country views on global sites

2 Aug 2006 - 9:25am
8 years ago
5 replies
419 reads
Leah Cunningham
2006

Hi All...

We have a question from a client regarding how a visitor should be directed
to the appropriate country "view" of a global corporate website. The client
operates in about 80 countries, and all will be served from the same web
infrastructure.

It has been requested by the client that whenever we can detect the country
from which the user is comingl, we should "preset" the experience to reflect
that country (local language, offerings, contact info, etc.).

For those visitors whom we cannot detect, we would default them to either
the "universal" or alternately, the US view of the homepage. From there,
they can select another country if they want to.

FYI, we can detect the country based about 80% of the time, based on current
usage stats.

Has anyone had experience with this type of arrangement? Is there any
overriding argument for or against this?

Thanks!

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Comments

2 Aug 2006 - 10:01am
Alain D. M. G. ...
2003

Just make sure that any user can escape easily from that preset
experience. Most countries do not have a single common language (the
US and the UK are exceptions) or neat marketing arrangements for all
goods, despite the united or monobloc facades their governments like to
present to the world. Making it possible and relatively easy to get
info in another language on another country site is a must.

Alain Vaillancourt

> It has been requested by the client that whenever we can detect the
> country
> from which the user is comingl, we should "preset" the experience to
> reflect
> that country (local language, offerings, contact info, etc.).

> Has anyone had experience with this type of arrangement? Is there any
> overriding argument for or against this?
>

__________________________________________________________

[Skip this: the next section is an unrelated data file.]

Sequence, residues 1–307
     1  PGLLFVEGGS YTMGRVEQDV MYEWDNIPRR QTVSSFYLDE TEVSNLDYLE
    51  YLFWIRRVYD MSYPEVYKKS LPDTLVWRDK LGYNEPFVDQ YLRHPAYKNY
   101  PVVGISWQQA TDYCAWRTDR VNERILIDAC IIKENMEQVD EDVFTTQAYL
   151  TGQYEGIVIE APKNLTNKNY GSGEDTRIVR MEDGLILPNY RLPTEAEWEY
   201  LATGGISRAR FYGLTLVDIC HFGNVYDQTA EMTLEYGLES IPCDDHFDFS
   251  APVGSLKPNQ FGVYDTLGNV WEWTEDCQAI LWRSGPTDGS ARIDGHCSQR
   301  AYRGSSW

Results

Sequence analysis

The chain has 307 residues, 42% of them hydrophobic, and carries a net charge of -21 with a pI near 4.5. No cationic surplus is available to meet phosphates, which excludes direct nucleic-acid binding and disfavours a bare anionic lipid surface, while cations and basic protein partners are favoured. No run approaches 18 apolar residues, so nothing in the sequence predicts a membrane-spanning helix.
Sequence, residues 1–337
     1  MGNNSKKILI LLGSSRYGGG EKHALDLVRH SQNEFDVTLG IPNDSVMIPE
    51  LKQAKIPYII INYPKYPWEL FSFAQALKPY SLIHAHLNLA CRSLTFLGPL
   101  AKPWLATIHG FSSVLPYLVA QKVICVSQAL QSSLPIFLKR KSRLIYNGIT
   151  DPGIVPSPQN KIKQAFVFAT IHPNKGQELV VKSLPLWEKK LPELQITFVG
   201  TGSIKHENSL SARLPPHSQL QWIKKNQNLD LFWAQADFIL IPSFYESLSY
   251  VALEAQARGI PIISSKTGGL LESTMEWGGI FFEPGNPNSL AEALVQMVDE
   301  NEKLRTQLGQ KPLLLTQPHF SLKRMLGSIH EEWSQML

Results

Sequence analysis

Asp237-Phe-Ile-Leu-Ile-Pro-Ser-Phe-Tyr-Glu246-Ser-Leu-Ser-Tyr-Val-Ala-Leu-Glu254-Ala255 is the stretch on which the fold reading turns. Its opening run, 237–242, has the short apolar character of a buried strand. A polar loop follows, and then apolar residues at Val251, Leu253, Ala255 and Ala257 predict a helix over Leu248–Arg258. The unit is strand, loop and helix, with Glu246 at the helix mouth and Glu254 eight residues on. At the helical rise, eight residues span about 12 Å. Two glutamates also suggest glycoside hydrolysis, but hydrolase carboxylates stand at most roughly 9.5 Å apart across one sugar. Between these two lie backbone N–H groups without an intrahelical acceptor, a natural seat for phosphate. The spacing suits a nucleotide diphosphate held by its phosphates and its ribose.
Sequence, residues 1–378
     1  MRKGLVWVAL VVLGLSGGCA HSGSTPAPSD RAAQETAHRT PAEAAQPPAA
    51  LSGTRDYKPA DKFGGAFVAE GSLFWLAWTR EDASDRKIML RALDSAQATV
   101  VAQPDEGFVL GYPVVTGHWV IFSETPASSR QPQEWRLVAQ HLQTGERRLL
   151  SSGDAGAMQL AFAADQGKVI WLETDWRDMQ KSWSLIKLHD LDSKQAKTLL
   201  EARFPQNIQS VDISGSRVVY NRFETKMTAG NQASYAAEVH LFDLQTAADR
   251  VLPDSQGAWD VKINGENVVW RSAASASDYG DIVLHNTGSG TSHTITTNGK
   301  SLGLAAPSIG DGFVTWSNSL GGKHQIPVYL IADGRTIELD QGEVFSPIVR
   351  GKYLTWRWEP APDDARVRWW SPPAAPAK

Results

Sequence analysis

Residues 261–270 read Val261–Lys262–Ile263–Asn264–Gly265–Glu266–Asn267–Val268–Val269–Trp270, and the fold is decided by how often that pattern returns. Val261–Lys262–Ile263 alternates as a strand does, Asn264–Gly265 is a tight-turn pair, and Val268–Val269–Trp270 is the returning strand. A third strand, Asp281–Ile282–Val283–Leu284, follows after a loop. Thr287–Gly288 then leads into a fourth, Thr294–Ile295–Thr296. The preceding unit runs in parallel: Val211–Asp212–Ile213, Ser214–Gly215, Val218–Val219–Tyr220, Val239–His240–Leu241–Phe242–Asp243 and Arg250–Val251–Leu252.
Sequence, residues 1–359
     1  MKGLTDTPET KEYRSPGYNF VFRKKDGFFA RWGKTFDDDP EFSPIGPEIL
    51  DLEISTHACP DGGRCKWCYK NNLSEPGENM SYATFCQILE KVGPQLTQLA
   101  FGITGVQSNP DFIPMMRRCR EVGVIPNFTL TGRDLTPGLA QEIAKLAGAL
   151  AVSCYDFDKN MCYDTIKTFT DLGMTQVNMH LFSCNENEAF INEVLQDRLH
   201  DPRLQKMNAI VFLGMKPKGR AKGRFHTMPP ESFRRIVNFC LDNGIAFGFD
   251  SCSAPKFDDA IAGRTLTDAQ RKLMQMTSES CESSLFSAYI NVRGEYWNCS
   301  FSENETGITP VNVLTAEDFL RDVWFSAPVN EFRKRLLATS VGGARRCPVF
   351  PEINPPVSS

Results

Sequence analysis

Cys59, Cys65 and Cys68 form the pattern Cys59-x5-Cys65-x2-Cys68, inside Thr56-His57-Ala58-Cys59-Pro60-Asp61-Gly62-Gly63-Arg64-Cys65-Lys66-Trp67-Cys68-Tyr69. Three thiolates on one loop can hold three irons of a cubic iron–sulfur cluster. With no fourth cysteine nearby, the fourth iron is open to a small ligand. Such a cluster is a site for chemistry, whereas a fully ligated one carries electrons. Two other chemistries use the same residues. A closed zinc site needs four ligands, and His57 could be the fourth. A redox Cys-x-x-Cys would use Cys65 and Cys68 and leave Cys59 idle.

Lèche-vitrine ou lèche-écran ?
magasinage.yahoo.ca

2 Aug 2006 - 10:18am
John Grøtting
2006

I have seen a few approaches that can work for this.

Entry page
An entry page can help you capture language and country information
and store that in a cookie. This is good when you aren't able to
determine the country or language of the user. Since it only appears
on the first visit (if they have cookies turned on), it is a minor
annoyance. This is particularly useful for companies where their
customers may not be able to read any English at all and may even
have a non-roman character set.

Localized homepage
Quite often you can detect the country of origin. This will help you
restrict the site to the local languages (official and unofficial).
You will then need to determine if you want all content on the
homepage to be in multiple languages. If you do, often it is helpful
to have one language be English, in case the visitor is coming from a
country such as Japan, but has French as their native language. In
this situation, it is important that any English usage be geared
towards non-native English speakers. This means removing jargon and
using sentence structure that is simple. Here you will need to have a
visible option for the user to change the language of choice.

Either way you will be confronted with how to deal with local content
in the local languages and in one or more additional languages that
are in common usage by your audience.

What is the content of the website? Who is the audience?

John Grøtting

Grøtting + Sauter
Barnerstr. 14B
22765 Hamburg
Germany

Tel +49.40.398.34342
SkypeIn +1.818.574.8440
Fax +49.40.398.34340
Mobile +49.172.4246.976
www.g-s.de
g at g-s.de

Am 02.08.2006 um 17:01 schrieb Alain D. M. G. Vaillancourt:

> [Please voluntarily trim replies to include only relevant quoted
> material.]
>
> Just make sure that any user can escape easily from that preset
> experience. Most countries do not have a single common language (the
> US and the UK are exceptions) or neat marketing arrangements for all
> goods, despite the united or monobloc facades their governments
> like to
> present to the world. Making it possible and relatively easy to get
> info in another language on another country site is a must.
>
> Alain Vaillancourt
>
>> It has been requested by the client that whenever we can detect the
>> country
>> from which the user is comingl, we should "preset" the experience to
>> reflect
>> that country (local language, offerings, contact info, etc.).
>
>> Has anyone had experience with this type of arrangement? Is there any
>> overriding argument for or against this?
>>
>
> __________________________________________________________
> Lèche-vitrine ou lèche-écran ?
> magasinage.yahoo.ca
> ________________________________________________________________
> Welcome to the Interaction Design Association (IxDA)!